Rhinoceros beetle (Oryctes rhinoceros) is a significant pest of the coconut palm in islands in the south Pacific. A baculovirus that attacks both the larval and adult stages was discovered in Malaysia. Introduction of the baculovirus has resulted in successful control of the beetle population for more than 20 years despite the fact that a number of beetle phenotypes with resistance to infection have been reported ( 28).
Red squirrel (Tamiascirus hudsonicus) was introduced into several regions in North America to serve as prey for the pine marten (Martes Americana; ref. 29). However, the red squirrel exerted selection pressures on the cone characteristics of the conifer trees, reducing seed abundance available for native birds, and acted as predators of bird nests, changing nesting habits and life histories ( 30).
On the other hand, introduction of predators, parasitoids, or pathogens generally requires significant changes in phenotype that may result in a greater loss of fitness than that necessary to adapt to chemicals. For example, in response to introduction of a predatory hawk, mice may restrict their foraging patterns leading to less food intake and fewer offspring per mating pair. Avoidance of such a predator, although possible, always comes at an unavoidable cost in terms of other fitness-enhancing activities. In fact, the nonlethal effects of predators on their prey can be as great or greater than the lethal effects ( 31). This cost of resistance has been shown in the pea aphid (Acrythosiphon pisum), which can be controlled through introduction of the endoparasitic wasp Aphidius ervi. Gwynn and colleagues ( 32) found that aphids that were resistant (using a symbiotic bacteria that induces death of the parasitoid eggs) were significantly larger than sensitive phenotypes and that there was a positive relationship between fecundity and susceptibility to parasitoid attack. They conclude that “aphids can either invest in defence or reproduction.” This trade off between adaptation and fecundity represents an evolutionary double bind.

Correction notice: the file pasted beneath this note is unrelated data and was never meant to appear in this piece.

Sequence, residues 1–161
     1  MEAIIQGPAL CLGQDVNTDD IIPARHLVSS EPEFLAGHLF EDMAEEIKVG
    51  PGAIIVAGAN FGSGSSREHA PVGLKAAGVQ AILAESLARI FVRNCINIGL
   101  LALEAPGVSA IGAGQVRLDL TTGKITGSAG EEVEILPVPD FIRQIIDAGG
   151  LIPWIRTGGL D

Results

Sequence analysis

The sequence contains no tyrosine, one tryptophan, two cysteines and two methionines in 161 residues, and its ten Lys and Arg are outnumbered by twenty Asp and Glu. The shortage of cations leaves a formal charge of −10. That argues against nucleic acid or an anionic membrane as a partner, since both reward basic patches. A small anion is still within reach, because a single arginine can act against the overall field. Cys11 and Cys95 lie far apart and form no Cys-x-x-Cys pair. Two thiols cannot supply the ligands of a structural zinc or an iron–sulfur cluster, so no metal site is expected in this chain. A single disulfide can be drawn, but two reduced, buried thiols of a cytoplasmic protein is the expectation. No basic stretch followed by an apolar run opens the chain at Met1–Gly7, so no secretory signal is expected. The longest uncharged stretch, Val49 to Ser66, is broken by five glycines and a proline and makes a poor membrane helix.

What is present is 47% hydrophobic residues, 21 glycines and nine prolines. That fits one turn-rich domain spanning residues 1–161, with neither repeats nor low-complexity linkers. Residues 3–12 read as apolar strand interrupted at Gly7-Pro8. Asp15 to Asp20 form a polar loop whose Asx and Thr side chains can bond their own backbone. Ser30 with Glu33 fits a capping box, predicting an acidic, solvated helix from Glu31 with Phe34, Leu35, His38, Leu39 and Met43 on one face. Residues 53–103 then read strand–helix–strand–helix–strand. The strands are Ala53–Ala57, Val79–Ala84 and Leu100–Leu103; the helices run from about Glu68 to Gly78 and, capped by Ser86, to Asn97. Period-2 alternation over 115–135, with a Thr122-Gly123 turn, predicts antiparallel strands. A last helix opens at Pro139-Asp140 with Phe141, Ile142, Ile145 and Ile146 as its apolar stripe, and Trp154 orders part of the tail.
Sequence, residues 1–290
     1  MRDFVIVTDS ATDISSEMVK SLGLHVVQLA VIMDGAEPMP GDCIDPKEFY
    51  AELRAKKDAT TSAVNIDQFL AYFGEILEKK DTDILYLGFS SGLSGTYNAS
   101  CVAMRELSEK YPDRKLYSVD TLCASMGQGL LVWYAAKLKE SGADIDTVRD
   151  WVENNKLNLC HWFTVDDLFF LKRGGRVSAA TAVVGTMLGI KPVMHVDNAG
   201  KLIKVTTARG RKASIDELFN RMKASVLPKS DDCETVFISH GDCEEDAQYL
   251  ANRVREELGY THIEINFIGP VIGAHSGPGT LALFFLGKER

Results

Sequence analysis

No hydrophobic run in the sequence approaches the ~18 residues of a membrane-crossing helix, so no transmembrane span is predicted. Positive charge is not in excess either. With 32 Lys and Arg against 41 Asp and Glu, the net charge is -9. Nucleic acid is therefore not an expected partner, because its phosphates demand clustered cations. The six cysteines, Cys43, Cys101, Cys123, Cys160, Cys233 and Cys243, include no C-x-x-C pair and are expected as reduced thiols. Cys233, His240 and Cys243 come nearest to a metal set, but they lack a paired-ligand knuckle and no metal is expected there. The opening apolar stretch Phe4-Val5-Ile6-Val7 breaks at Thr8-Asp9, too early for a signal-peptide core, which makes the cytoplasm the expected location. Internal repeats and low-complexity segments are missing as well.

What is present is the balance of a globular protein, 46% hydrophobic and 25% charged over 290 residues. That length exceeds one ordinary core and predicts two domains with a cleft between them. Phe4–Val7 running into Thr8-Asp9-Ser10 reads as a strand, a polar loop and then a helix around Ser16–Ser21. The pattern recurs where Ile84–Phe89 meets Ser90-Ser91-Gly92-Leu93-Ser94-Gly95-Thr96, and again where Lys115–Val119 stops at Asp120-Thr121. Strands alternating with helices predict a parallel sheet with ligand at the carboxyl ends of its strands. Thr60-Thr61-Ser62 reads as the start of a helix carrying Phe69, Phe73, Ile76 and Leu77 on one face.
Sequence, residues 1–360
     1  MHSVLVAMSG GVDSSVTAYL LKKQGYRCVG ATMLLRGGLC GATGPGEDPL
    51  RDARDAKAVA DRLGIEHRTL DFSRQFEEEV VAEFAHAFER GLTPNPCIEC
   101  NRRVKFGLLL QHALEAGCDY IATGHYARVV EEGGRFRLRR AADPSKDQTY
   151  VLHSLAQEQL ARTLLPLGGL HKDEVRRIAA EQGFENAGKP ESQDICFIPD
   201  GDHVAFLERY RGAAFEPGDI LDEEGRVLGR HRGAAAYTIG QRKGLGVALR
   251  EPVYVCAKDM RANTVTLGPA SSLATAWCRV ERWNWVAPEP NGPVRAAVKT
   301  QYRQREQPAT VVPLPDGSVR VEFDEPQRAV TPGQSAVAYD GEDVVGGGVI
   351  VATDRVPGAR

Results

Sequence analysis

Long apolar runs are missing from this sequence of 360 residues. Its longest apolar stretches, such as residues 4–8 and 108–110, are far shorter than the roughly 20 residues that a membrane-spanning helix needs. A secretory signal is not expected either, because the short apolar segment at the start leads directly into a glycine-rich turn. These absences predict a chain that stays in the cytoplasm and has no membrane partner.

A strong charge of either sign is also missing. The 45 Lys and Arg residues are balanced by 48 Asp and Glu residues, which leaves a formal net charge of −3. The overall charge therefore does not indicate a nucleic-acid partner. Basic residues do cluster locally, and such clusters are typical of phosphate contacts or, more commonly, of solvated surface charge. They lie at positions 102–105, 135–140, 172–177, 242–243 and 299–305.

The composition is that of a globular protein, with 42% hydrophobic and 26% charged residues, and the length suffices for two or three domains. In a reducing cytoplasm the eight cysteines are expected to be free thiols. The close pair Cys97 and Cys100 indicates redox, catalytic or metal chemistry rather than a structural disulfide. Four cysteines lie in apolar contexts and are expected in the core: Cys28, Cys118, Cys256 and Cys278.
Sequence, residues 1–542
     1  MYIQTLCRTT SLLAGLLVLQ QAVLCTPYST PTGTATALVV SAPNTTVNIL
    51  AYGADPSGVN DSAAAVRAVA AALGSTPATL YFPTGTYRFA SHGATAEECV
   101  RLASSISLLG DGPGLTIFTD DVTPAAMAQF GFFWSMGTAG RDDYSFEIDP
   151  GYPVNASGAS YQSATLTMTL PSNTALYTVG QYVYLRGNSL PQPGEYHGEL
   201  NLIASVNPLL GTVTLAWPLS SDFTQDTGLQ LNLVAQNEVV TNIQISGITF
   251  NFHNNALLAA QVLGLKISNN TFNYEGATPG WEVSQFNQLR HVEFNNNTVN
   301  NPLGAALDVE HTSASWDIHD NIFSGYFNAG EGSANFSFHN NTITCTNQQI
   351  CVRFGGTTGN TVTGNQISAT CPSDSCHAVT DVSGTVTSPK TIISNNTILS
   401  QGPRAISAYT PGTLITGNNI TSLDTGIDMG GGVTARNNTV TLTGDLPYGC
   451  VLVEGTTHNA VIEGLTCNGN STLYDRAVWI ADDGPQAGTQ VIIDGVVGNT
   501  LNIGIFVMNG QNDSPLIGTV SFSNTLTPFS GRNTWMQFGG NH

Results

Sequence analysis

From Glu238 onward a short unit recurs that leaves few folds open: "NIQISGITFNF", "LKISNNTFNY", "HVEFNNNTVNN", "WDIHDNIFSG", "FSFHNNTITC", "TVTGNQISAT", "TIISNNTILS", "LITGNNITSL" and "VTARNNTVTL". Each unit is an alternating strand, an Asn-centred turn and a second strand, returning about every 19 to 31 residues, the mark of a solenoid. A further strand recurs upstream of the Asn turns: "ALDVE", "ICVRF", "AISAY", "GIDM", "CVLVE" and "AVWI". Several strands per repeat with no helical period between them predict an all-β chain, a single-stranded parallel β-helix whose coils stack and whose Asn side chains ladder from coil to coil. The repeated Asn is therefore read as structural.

Thus, although adaptation to any treatment is inevitable, control of an invasive species can be maintained if the adaptation causes significant reductions in other components of fitness. With an evolutionary double bind, the resistant phenotype can only achieve limited proliferation in the face of the control agent.
We propose the following conclusions from experiences with invasive pests as relevant to cancer:
Because of the genetic bottleneck that results from the founder effect, small populations (such as micrometastases) are relatively homogeneous and, therefore, more likely to be uniformly sensitive to some cytotoxic therapy. This sensitivity provides a window of opportunity in which the population is susceptible to eradication, consistent with the clinical benefits observed in adjuvant therapy. However, as the metastatic populations become larger, the resulting phenotypic and environmental heterogeneities make emergence of resistant subpopulations increasingly likely. As a result, eradication of disseminated, clinically apparent metastases by any therapeutic strategy is extremely unlikely.
Control of established, phenotypically diverse, metastatic colonies will not typically be achieved by any therapy drug that aims to kill the maximum numbers of tumor cells. Similar to eradicating invasive pests with chemicals, this approach provides strong selection pressure for adaptive strategies and the evolution of chemo-resistance. Resistance to chemicals or targeted agents can usually be achieved through a relatively simple addition to the existing phenotype (i.e., upregulation of the MDR gene or upregulation of a redundant signaling pathway). This action is ecologically and evolutionarily “inexpensive” and only minimally compromises the underlying malignant phenotype. Proliferation can resume once resistance is established, so that long term control is unlikely.
Robust control of diverse cancer populations requires more “evolutionarily enlightened” strategies such as treatment that places malignant cells in an “evolutionary double bind.”
Experience in applied ecology suggests that a double bind in cancer can be achieved using “biological methods” that, for example, use the predatory effects of the immune system. Interestingly, despite this theoretical advantage, immunotherapy and oncolytic viruses, which mimic in many ways the dynamics of predators and parasitoids, have not proved clinically effective.
If the theoretical analysis is correct, we must conclude that, thus far, the biological methods of cancer therapy have not truly achieved an evolutionary double bind. There are several possible reasons suggesting additional avenues of research.